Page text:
BLUE SPRINGS, Mo. - The parents of a 12-year-old girl knew there were problems, but it wasn’t until after she allegedly left in a car with a 22-year-old Maryland man that they discovered just how deep the problem was.
Ashley and Chase of Blue Springs said the first indications of an issue were their daughter’s grades slipping and her mood changing.
“She was supposed to be doing homework, but I knew she wasn’t,” said Ashley, whose last name is being withheld due to the nature of the alleged crime.
Ashley said her daughter would click out of screens on the computer whenever she would come up to check on her, but noticed the sixthgrader was playing a role playing game called Onigiri.
“I heard her typing a lot, and that’s what really kind of set me to put limits on it,” said Ashley.
Ashley’s husband Chase said they placed strong restrictions on their daughter: no phones, no tablets and when they saw suspicious messaging on Onigiri, that was gone too.
“It seemed like whatever boundary we put, she found a way to go outside those boundaries,” said Chase.
The conversations between their daughter and 22-year-old William Dela-Cruz allegedly began on Onigiri.
Neither Chase nor Ashley knew about the other ways their daughter was messaging with the man until after, according to police, she was in his car on the way to Maryland.
“After it was too late,” said Chase.
The conversations moved to the messaging app “Discord,” according to Ashley.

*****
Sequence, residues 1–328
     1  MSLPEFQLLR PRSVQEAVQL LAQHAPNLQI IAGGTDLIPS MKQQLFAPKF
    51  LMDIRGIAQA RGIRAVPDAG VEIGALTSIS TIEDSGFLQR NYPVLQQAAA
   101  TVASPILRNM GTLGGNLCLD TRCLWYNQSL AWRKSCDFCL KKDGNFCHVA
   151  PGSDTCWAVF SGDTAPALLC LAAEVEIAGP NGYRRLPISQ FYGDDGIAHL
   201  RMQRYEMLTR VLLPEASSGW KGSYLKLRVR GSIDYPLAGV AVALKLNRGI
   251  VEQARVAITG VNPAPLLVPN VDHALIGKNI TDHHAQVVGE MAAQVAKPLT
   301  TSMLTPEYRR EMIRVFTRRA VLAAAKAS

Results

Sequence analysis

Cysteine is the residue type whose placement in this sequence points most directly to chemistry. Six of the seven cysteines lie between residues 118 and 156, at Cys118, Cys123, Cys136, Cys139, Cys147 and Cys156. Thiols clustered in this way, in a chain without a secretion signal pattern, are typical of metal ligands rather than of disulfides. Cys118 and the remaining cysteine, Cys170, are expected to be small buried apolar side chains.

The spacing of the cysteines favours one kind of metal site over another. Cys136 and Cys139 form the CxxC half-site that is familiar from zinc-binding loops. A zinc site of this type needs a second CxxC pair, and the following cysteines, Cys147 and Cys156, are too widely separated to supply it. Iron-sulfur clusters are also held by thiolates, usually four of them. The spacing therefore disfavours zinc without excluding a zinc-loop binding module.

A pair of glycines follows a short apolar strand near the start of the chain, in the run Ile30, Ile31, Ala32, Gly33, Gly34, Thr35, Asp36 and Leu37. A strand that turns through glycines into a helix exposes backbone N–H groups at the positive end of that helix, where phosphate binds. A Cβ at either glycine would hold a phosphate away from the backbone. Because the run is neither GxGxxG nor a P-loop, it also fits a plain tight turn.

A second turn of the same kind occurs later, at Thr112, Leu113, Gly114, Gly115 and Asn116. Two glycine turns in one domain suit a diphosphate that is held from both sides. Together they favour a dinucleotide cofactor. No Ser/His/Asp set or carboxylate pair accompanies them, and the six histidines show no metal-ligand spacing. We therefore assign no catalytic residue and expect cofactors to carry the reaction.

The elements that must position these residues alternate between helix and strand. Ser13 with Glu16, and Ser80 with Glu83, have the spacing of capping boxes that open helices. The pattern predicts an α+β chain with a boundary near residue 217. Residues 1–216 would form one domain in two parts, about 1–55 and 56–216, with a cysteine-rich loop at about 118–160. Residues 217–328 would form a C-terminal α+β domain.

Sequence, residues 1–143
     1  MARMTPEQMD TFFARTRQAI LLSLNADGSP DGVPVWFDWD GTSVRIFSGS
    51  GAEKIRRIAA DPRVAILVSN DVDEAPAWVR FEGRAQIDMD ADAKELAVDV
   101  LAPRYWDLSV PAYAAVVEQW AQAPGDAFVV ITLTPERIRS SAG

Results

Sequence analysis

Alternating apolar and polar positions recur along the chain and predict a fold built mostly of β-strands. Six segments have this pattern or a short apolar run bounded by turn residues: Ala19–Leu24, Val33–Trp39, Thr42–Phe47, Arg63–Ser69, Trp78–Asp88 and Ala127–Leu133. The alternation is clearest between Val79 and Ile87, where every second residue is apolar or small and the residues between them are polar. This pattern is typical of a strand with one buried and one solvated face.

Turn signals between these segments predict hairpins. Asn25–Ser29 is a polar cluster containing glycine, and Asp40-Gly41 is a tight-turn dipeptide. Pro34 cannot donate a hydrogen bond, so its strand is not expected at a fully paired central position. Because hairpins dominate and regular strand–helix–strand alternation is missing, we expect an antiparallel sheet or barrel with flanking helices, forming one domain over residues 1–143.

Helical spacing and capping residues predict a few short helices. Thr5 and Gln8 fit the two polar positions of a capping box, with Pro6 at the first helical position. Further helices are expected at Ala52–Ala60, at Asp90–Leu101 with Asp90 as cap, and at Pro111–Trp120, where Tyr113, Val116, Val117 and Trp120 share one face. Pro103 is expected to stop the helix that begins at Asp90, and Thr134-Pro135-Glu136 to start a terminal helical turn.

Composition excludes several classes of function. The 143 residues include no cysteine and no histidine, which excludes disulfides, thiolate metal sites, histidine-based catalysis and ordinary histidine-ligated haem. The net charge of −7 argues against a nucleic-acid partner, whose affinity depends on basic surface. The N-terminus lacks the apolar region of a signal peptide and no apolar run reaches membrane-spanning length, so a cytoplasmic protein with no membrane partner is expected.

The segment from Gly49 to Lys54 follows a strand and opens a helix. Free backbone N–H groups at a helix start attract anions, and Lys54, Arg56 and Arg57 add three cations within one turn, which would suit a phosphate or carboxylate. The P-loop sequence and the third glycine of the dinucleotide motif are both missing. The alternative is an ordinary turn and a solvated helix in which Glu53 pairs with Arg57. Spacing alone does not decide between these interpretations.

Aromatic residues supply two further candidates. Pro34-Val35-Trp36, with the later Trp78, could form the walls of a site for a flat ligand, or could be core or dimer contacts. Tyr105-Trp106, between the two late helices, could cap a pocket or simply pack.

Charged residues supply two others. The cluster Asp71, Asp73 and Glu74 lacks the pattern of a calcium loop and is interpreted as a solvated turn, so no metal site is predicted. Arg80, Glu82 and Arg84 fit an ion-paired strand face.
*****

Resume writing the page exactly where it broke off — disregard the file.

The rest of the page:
“That’s what was scary about it is our XBOX. She was using the XBOX to get on Discord that night and we have a password on every account, and I guess you don’t need it to use the browser, which was news to us,” said Ashley.
“We didn’t know about Discord. We didn’t know she had a Facebook. We didn’t know she had all those things,” said Chase.
After they returned home to find their daughter gone, Ashley and Chase discovered a clue as to who may have taken her.
“The only reason I found out she had a Facebook or that she was using Discord is that she took a tablet from my sister and we charged it enough after she was already gone just to find in the notifications that she had been talking to [a man],” said Ashley.
What lessons they wish they knew before
Chase warns parents to be vigilant with monitoring their children’s online presence.
“We thought we had put so many locks on her life. They find a way out. We should’ve asked. We should’ve talked. We should’ve listened. We should’ve done more to prevent her from going down that path,” said Chase.
“Monitoring is not enough,” said Ashley. “You cannot beat them. They are just like us. When you were a kid, when you were a teenager you found ways around your mom. Things they never knew you did. For kids now unfortunately it’s twice as dangerous and easier to hide it, way easier.”